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Published:  23 July, 2008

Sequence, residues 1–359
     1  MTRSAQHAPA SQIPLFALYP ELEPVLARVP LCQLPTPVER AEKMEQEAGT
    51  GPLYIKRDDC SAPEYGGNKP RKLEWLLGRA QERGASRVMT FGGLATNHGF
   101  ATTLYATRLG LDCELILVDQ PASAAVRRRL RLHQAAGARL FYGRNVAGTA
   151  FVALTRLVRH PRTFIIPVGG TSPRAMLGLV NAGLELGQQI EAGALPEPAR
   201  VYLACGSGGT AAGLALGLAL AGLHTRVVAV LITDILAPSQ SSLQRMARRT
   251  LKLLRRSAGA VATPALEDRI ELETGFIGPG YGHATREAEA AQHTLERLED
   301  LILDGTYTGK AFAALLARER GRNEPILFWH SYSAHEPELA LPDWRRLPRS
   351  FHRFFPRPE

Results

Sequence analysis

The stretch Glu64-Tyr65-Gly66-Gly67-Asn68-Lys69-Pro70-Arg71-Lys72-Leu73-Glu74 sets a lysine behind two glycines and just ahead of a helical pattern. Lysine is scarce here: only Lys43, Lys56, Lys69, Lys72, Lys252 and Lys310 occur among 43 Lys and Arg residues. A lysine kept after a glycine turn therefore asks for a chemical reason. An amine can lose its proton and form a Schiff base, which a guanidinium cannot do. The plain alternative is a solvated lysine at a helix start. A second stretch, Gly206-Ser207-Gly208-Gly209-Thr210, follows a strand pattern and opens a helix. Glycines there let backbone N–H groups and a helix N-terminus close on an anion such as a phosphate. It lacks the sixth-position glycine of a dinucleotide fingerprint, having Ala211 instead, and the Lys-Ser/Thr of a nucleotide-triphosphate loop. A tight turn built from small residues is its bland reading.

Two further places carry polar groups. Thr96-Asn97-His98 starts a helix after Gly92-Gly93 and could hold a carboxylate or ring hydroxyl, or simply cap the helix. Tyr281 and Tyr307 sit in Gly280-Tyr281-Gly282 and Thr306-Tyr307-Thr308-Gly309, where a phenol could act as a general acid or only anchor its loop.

The success of South Africa's indigenous grape variety, Pinotage, was the big topic at this year's world famous Nederburg Auction in South Africa's Paarl district. On the record first day, in which auctioneer Patrick Grubb sold a total of R5.1 million (316,000) worth of wine, a six-bottle case of 1966 Lanzerac Pinotage sold to a Cape Town buyer for R1,200, while a selection of the Cape's ten premium Pinotages realised up to R3,800. Prices were around 12% higher than last year's event. Other wines that sold well included six-bottle cases of Veenwouden's 1997 Classic, fetching R2,500, and Thelema's 1992 Cabernet Sauvignon, which went for R2,900 for a six-bottle case. Speaking at the opening ceremony, Italian winemaker Marchese Piero Antinori stressed the importance of South Africa producing a world-class wine. Just as California is known for its Zinfandel and New Zealand for its Sauvignon Blanc, South Africa should concentrate on producing a world-class Pinotage,' he said. However, Clive Torr, Distell's wine development manager, said that the Rainbow Nation's wine industry is split over Pinotage, and that those in favour of developing it as the country's USP varietal' are agonising over which style to favour - the chunky, Chteauneuf-du-Pape style, or the more elegant 100% French oak, claret-style expensive boutique wines. He said: It is early days, but we have a love/hate relationship with Pinotage. We are unsure which way to go and we are undertaking a lot of work to find out.' Asked if South Africa is close to having an icon wine, like Australia's Grange, Torr said: We have come a long way in the last nine years and we believe we have caught up. We have suffered from a lack of knowledge, but our winemakers are learning. We are looking at single vineyards and site-specific wines,' said Torr. We have quality Syrah and Cabernet and we do not know yet whether Pinotage has the class or breeding we need to take it forward.'